In my last post I explained the first proof of Fermat’s Little Theorem: in short, and hence . Today I want to show how to generalize this to prove Euler’s Totient Theorem, which is itself a generalization of Fermat’s Little Theorem:
If and is any integer relatively prime to , then .
Remember that is the function that tells us how many positive integers less than are relatively prime to (share no common factors with) . So, for example, suppose and . There are four positive integers among which are relatively prime to (namely, , , , and ), so the theorem says we should have , which we can verify: .
Once again, we start by considering the set of multiples of up to :
However, in this more general context we don’t want to use all of them! Our proof of Fermat’s Little Theorem relied on the fact that if (here, ) is prime, then none of have any factors in common with it. But if is not prime that may no longer be true. So, instead of the set above, we will look at the set of multiples of which are relatively prime to . Since we already assumed is relatively prime to , this is equivalent to saying we want multiples where is relatively prime to :
( is another way to say that and are relatively prime: they share no factors in common if and only if they have no nontrivial common divisor, that is, their greatest common divisor is .) Note that : the number of things relatively prime to between and is exactly what counts.
As an example, suppose and . The only multiples of which are relatively prime to are
If we take these , we get
and hey, look at that—it’s the numbers relatively prime to again, just in a different order! As another example, suppose and . The numbers relatively prime to are , and we can check that
So the claim is that if we start with all the numbers relatively prime to , multiply them all by , and then take their remainders , we get back the same set we started with (though quite possibly in a different order). More formally, let be the set of numbers relatively prime to . Then the claim is that
where multiplying a number by a set, like , means to multiply each element of the set by the given number.
The proof of this claim starts out quite similar to the proof from last time. First, suppose there are two multiples of , say, and , which have the same remainder when divided by . We can write this as . Subtracting from both sides and factoring out , we find that , that is, is divisible by . By assumption, is relatively prime to , so the only way for this to be true is if is divisible by , but since and are less than , the only way for this to happen is if , that is, . So this means that if we start with different multiples of , we get different remainders out.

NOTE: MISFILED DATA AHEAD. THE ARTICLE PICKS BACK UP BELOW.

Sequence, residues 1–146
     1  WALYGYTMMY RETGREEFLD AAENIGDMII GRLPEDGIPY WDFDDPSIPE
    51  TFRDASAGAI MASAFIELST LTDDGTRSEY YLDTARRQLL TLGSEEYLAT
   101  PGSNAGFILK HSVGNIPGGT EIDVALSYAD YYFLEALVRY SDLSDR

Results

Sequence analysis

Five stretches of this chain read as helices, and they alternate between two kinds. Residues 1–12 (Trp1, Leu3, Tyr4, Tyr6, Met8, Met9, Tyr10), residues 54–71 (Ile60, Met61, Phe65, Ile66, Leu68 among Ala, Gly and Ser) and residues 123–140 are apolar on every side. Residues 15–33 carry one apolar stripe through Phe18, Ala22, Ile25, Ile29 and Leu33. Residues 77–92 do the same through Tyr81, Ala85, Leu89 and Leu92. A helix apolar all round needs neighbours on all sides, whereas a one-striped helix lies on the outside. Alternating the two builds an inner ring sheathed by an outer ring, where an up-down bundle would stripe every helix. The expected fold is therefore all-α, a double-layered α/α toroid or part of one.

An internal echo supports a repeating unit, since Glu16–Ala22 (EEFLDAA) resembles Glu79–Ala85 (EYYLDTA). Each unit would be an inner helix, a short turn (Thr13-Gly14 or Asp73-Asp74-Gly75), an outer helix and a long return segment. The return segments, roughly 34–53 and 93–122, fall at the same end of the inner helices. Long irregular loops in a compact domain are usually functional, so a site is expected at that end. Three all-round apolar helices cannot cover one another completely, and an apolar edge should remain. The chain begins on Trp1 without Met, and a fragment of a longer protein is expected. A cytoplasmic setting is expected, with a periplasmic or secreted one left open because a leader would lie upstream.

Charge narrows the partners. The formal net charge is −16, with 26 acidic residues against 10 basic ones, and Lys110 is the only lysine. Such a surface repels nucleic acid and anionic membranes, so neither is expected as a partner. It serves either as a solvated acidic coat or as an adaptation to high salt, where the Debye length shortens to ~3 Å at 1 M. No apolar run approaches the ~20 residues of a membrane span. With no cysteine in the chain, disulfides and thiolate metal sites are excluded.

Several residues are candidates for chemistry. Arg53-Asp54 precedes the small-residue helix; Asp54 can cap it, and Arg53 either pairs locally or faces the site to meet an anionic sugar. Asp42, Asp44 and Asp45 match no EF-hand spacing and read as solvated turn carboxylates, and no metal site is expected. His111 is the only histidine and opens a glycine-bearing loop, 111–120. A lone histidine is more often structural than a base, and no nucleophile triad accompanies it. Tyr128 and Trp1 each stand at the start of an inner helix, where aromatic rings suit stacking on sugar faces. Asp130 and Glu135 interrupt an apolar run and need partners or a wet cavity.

However, this isn’t enough—this time we actually care about which remainders we get. We have to prove that if we start with only those multiples which are relatively prime to , we get exactly the same remainders out. So far, we haven’t used the fact that and are relatively prime to at all. Indeed, if we take all multiples of , we still end up with each remainder only once:
However, you’ll see later why we specifically want only the remainders which are relatively prime to .
So, assuming is relatively prime to , consider the remainder we get after dividing by . So, is more than some multiple of , that is, . We want to show that is relatively prime to . If had a factor in common with , then the whole right-hand side would be divisible by (because a sum of multiples of is also a multiple of ). But then the left-hand side, , would be divisible by also, but neither nor can be divisible by , since both are relatively prime to . Hence in fact has no factors in common with .
We’re almost done now. We start with the equation
and, just like last time, we now multiply together everything on the left and everything on the right. On the left we can factor out copies of , and this leaves us with
where means to take the product of all the elements in a set. Finally, we can see why it was important that we only took multiples of which are relatively prime to : this means the product shares no common factors with , which means we can divide by it on both sides, concluding that
If we had instead used the multiples of as before, we would end up with
which is a valid equation, but the problem is we are stuck here: dividing both sides by would not result in a valid modular equation, since shares one or more common factors with when is not prime.